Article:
I just hope that one day the South'll love me as much as I do it. We've had our rough patches, that's for sure. Like the last time I was in the Smoky Mountains enjoying the seriously amazing amusement park Dollywood. I was getting on the wooden roller coaster Thunderhead when this happened:

Roller Coaster Announcer Dude: As you enter the ride, please scoot all the why over.

Me to hubs: What did he say? 

RCAD (with obviously amazing hearing): I say-ed, scoot all the WHY over!

Me to hubs: Is he asking a question? I don't understand.

Hubs: He's saying "way". Scoot over!

Not-So-Friendly-Southern Lady in the Seat Behind Me: What the hail?! Scoot over!

Me to hubs: Did she just say hail?! Is it going to hail while we are on the ride?! Get me off of here!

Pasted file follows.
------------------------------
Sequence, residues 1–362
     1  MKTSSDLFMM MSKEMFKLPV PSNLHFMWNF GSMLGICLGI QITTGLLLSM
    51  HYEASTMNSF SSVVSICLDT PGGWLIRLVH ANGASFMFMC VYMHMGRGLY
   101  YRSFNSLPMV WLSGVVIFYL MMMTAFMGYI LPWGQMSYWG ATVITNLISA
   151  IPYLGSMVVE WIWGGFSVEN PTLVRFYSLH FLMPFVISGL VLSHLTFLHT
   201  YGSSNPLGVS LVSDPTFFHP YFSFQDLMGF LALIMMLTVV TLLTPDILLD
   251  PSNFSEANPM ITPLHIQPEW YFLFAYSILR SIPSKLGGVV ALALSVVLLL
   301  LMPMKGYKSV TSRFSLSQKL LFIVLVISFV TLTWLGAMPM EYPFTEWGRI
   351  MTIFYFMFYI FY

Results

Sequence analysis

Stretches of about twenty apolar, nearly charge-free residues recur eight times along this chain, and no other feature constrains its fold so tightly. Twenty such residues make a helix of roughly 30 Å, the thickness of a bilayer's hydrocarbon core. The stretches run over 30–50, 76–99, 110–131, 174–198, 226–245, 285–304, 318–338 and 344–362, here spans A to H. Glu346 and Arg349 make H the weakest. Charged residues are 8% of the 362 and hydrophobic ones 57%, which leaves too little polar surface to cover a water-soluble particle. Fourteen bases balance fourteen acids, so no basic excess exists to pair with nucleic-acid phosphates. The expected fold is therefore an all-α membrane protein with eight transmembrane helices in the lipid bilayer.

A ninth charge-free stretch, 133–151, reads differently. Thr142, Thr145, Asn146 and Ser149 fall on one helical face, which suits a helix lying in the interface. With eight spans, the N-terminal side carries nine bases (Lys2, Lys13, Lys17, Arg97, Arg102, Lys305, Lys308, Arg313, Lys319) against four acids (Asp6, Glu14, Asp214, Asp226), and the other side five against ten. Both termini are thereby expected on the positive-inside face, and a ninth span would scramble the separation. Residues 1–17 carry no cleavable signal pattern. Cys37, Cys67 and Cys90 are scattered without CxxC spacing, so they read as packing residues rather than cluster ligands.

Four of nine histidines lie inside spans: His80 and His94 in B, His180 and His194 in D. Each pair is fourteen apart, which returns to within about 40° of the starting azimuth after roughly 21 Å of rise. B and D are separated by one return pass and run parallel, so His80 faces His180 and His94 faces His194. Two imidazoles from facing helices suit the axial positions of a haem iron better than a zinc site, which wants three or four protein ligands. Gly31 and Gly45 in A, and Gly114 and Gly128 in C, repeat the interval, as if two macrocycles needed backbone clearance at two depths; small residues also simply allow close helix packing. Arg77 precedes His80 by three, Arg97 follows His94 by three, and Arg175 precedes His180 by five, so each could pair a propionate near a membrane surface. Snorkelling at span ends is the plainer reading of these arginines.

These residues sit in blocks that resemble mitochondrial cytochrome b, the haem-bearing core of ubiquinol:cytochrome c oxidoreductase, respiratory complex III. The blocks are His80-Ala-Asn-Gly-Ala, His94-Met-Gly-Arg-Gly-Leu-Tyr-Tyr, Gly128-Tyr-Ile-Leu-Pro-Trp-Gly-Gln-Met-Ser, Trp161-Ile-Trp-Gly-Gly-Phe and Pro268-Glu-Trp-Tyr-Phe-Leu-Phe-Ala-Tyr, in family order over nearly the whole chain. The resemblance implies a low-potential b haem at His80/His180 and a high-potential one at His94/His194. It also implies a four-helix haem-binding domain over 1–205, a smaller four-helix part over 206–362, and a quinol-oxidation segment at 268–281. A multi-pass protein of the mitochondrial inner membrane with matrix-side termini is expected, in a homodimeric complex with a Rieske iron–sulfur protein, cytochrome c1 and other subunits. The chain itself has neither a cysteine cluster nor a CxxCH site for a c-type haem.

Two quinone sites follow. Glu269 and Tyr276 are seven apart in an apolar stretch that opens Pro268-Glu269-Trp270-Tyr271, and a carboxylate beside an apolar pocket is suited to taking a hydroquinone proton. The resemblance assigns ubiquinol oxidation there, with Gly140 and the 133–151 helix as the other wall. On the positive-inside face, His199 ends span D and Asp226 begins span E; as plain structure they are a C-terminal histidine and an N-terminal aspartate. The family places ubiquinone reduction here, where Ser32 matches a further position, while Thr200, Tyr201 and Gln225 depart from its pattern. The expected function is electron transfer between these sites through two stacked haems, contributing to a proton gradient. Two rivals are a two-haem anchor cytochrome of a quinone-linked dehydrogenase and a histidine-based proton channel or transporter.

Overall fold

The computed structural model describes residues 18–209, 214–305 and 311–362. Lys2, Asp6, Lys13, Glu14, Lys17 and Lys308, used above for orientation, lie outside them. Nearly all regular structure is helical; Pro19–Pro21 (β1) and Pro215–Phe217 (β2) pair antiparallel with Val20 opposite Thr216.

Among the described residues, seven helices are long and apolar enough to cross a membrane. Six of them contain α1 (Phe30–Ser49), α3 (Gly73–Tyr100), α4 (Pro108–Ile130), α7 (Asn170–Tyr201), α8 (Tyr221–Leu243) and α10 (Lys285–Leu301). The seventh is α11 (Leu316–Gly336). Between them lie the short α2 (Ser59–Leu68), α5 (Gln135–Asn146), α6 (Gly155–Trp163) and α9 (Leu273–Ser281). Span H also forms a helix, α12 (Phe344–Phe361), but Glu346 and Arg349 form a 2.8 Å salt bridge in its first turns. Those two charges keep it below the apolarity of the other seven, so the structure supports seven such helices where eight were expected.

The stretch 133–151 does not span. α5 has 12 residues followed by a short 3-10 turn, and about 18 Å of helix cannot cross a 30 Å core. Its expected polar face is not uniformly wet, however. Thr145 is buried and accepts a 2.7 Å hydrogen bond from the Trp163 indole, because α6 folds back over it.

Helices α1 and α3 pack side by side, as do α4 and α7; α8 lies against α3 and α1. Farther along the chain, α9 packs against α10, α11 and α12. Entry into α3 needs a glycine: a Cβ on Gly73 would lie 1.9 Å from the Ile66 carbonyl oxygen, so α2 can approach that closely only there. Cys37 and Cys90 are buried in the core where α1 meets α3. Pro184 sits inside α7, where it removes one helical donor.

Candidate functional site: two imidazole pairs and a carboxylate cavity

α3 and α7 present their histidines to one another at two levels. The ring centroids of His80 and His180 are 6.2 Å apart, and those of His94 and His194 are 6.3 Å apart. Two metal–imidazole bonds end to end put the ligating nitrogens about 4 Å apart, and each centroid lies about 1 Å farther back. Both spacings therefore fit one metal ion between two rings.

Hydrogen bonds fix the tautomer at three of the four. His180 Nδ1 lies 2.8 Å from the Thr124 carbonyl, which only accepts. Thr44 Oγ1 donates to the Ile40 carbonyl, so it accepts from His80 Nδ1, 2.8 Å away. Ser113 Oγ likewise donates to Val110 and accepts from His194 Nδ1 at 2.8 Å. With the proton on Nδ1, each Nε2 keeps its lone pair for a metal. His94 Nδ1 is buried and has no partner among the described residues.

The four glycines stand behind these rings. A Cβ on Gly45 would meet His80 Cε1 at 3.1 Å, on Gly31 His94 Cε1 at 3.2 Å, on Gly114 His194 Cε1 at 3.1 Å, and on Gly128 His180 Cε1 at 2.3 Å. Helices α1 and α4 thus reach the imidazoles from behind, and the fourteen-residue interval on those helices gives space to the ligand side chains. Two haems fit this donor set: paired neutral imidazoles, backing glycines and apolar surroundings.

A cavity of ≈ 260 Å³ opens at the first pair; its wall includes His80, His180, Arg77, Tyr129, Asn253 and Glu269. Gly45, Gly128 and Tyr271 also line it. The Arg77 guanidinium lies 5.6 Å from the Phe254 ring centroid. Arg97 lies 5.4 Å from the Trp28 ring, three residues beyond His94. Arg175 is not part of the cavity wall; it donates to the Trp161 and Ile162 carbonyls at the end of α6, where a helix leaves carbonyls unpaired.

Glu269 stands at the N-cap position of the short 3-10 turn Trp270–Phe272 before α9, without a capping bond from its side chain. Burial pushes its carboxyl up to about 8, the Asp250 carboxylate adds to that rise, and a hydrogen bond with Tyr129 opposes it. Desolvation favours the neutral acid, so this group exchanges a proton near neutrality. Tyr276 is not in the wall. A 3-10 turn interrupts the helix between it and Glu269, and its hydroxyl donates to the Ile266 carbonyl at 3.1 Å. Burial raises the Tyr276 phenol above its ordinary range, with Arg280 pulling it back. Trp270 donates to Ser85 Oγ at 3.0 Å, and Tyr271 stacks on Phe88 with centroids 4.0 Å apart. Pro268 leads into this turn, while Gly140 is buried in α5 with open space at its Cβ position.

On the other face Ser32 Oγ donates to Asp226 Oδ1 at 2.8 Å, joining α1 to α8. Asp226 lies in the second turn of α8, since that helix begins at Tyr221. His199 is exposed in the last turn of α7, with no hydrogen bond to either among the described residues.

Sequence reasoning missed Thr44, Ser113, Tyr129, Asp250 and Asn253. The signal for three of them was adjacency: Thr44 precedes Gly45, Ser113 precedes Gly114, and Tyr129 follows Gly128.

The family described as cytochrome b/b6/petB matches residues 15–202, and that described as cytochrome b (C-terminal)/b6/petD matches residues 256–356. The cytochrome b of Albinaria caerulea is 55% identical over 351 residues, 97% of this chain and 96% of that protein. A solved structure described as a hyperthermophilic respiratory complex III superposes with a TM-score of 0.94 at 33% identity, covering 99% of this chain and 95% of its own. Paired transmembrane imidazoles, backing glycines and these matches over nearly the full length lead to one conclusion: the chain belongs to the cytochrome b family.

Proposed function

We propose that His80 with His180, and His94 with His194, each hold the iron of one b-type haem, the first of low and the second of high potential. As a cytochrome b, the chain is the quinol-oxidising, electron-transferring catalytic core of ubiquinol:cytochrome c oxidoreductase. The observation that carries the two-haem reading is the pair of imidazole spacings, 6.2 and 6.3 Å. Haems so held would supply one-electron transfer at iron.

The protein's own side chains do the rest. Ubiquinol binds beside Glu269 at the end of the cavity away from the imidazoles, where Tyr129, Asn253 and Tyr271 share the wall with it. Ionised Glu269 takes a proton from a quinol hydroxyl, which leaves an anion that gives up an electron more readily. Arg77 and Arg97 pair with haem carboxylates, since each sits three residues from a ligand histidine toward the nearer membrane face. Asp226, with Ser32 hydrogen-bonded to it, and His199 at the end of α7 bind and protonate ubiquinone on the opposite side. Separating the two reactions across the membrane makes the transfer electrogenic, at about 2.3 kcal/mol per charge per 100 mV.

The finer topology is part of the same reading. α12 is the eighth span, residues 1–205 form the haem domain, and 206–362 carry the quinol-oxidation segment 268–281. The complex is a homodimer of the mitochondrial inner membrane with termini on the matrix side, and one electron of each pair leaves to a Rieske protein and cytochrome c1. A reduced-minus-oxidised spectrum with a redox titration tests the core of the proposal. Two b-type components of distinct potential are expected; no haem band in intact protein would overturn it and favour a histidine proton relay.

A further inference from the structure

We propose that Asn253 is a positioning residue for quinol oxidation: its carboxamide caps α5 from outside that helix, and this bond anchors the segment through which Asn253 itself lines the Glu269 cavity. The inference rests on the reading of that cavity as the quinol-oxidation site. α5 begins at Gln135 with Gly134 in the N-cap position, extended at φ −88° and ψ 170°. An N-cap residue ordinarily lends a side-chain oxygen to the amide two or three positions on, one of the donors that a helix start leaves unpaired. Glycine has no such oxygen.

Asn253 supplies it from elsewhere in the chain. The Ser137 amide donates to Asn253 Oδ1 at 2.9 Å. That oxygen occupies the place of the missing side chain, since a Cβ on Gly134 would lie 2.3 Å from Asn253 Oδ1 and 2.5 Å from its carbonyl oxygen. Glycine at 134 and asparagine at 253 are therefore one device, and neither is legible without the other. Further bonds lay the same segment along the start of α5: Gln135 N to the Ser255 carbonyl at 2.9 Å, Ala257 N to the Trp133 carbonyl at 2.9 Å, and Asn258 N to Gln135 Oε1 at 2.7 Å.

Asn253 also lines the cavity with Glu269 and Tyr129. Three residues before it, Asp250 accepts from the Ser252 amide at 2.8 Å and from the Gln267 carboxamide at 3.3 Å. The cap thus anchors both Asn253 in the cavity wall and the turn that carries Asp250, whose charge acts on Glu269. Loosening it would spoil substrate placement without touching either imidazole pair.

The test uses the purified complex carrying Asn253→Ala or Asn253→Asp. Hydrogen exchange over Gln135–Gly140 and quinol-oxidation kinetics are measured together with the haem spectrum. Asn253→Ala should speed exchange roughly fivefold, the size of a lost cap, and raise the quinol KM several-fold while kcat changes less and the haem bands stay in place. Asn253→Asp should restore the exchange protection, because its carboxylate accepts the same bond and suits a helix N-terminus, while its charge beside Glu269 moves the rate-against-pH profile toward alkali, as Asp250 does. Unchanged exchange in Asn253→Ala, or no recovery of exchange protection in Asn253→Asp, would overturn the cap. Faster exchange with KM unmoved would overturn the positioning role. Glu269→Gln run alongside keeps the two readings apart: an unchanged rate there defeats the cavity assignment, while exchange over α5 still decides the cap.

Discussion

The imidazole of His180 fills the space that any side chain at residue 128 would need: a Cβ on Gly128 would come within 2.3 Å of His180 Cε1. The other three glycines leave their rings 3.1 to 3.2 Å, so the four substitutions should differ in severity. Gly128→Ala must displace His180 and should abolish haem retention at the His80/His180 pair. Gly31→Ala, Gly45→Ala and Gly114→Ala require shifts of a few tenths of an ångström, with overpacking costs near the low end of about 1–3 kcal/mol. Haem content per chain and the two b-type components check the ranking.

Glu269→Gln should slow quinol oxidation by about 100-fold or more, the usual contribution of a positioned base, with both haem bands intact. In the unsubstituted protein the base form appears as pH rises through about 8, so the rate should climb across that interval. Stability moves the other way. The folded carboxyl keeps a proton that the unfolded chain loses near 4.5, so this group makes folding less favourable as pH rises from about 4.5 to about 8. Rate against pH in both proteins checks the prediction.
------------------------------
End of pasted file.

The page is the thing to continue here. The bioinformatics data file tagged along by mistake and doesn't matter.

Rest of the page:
Yeah. So. Me and The South. We got some more gettin-to-know-each-other to do. But that's okay. I'm not going anywhere (sorry, Tennessee!).

Monday, June 24, 2013

DIY: A Bonfire of Banana Bread and ... a Giveaway (Now Closed)

 So wouldn't you know the moment I start doling out recipes like I'm Martha-Flippin-Stewart, I turn my house into a Bonfire of Banana Bread. Not familiar with such a thing? Well, lemme tell you how the pros do it. First, you start with the batter and the only teeny tiny bread pan you have on hand. Then you fill the bread pan just half full (because the recipe says so) but that looks like an entirely too empty pan so you decide to fill it to the rim. Because you hate to see wasted space. AND because you only have one teeny tiny bread pan (you really should get more pans. Just sayin'). Then you throw it in the oven and almost forget about it...until that distinct burnt hair smell reminds you...